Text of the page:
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Yes, pollution does age your skin - and here's why

Yes, pollution does age your skin - and here's why
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Blemishes? Brown spots? Wrinkles? Pollution could be one of the causes. We asked dermatologist Dr. Nina Roos to explain how pollution can age the skin.

How does pollution harm skin?


Countless studies have shown that pollution can contribute to premature skin aging.[1]
Research conducted by L'Oréal in Mexico and China showed a decrease in hydration and increased sebum production among participants overexposed to pollution, while pollution has also been shown to cause staining of the skin and brown spots, as well as being linked with ozone depletion - responsible for, among other things, causing skin cancer.[2]

Our lifestyle can have a significant impact on how pollution affects our skin

Dr. Nina Roos, dermatologist

As if pollution on its own wasn’t bad enough, it has a “double effect” when combined with UV rays.

When associated with exposure to sunshine, pollution damage transforms into what’s known as ‘photopollution’[3][4], triggering oxidative stress within the body and speeding up the aging process.

Dermatologist Dr. Nina Roos says: “Our lifestyle can have a significant impact on how pollution affects our skin. As well as UV rays, cigarette smoke can also cause this ‘double effect’, combining with pollution to damage skin.”


How can we help fight signs of pollution?


When it comes to UV-related or pollution-based damage, adapting your skincare and diet as part of a global approach can help improve the appearance of symptoms. Foods rich in antioxidants, such as red berries and leafy greens, will help stop free radicals - triggered by these environmental factors - from damaging skin cells.

More specifically, Nina recommends paying attention to your cleansing routine in order to fully remove dirt and impurities caused by a buildup of pollution - whether or not you wear makeup on a daily basis. For example, it’s important to wear SPF all year round to help protect skin from UV damage, which, as we’ve seen above, also worsens the impact of pollution on the skin. However, SPF formulas can still cling to skin unless properly removed with a cleansing lotion or gel, so make sure you’re thoroughly cleaning skin to remove all traces of sun protection, as well as toxins resulting from poor quality air.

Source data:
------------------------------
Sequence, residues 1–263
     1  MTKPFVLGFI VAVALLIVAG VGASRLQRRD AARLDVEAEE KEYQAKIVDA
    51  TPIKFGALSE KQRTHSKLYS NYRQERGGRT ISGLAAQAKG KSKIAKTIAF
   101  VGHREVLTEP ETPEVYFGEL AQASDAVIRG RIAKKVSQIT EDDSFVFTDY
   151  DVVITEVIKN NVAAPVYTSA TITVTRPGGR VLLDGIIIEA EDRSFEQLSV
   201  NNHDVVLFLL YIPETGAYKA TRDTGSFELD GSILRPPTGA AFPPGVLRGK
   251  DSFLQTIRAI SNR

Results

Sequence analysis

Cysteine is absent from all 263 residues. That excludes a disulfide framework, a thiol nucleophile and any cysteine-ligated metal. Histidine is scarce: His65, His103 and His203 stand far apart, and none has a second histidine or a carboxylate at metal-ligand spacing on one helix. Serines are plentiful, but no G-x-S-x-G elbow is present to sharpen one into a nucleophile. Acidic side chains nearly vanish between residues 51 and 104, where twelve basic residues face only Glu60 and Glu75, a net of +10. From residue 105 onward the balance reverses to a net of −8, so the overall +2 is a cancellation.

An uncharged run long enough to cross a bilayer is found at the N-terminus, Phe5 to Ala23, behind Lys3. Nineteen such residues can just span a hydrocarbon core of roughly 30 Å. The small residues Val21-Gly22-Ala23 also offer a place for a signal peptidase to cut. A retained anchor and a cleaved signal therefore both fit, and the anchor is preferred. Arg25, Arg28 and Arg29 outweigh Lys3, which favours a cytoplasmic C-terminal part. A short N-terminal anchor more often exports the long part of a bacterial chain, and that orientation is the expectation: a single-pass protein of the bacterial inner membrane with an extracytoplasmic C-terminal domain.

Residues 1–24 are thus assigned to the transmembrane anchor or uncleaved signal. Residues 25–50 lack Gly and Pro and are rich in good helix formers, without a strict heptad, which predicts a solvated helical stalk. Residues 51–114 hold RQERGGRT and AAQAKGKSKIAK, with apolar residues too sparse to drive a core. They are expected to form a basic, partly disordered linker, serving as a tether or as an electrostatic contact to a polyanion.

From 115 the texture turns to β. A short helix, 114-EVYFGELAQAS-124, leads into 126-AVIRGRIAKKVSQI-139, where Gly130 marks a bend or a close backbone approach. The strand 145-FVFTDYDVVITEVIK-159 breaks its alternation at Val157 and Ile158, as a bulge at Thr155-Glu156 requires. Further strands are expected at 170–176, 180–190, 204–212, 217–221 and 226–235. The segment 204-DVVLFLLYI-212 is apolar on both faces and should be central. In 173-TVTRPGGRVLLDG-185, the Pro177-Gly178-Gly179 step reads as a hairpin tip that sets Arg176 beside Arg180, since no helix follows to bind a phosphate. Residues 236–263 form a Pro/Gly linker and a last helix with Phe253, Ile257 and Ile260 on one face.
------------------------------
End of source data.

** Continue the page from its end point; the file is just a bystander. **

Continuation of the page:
Exfoliation can also help improve the appearance of blackheads and dark spots, as well as removing dead skin cells, which can give skin a tired or dull look. Vitamin C has also been shown to help reduce brown spots that occur as a result of exposure to pollution, so if your skin’s texture or uneven tone is one of your main concerns, try opting for an exfoliator enriched with vitamin C for brighter, smoother skin. Skin cures featuring vitamin C can also help tackle problems linked to brown spots or dullness, so it’s worth considering a targeted treatment like Vichy LiftActiv Antioxidant & Anti-Fatigue Fresh Shot to restore evenness and brightness to fatigued skin. [5]

Sources:
[1] A Vierkötter. ‘Environmental pollution and skin aging’ [original article in German] in Der Hautarzt; Zeitschrift für Dermatologie, Venerologie, und verwandte Gebiete 62.8 (2011) pp. 577-581. [Accessible at: https://www.ncbi.nlm.nih.gov/pubmed/21656109]
[2] Goldsmith, L.A ‘Skin effects of air pollution’ in Otolaryngology and head and neck surgery 114.2 (1996) pp. 217-219 [Accessible at: https://www.ncbi.nlm.nih.gov/pubmed/8637736]
[3] Pham, D.-M., B. Boussouira, D. Moyal, and Q.l. Nguyen. "Oxidization of squalene, a human skin lipid: a new and reliable marker of environmental pollution studies." International Journal of Cosmetic Science 37.4 (2015): 357-65. Web.
[4] Soeur, J., Belaïdi, J. P., Chollet, C., Denat, L., Dimitrov, A., Jones, C., ... & Erdmann, D. (2017). Photo-pollution stress in skin: Traces of pollutants (PAH and particulate matter) impair redox homeostasis in keratinocytes exposed to UVA1. Journal of Dermatological Science, 86(2), 162-169.
[5] Telang, P. ‘Vitamin C in Dermatology’ in Indian Dermatology Online Journal 4.2 (2013) pp. 143-146 [Accessible at: https://www.ncbi.nlm.nih.gov/pmc/articles/PMC3673383/]

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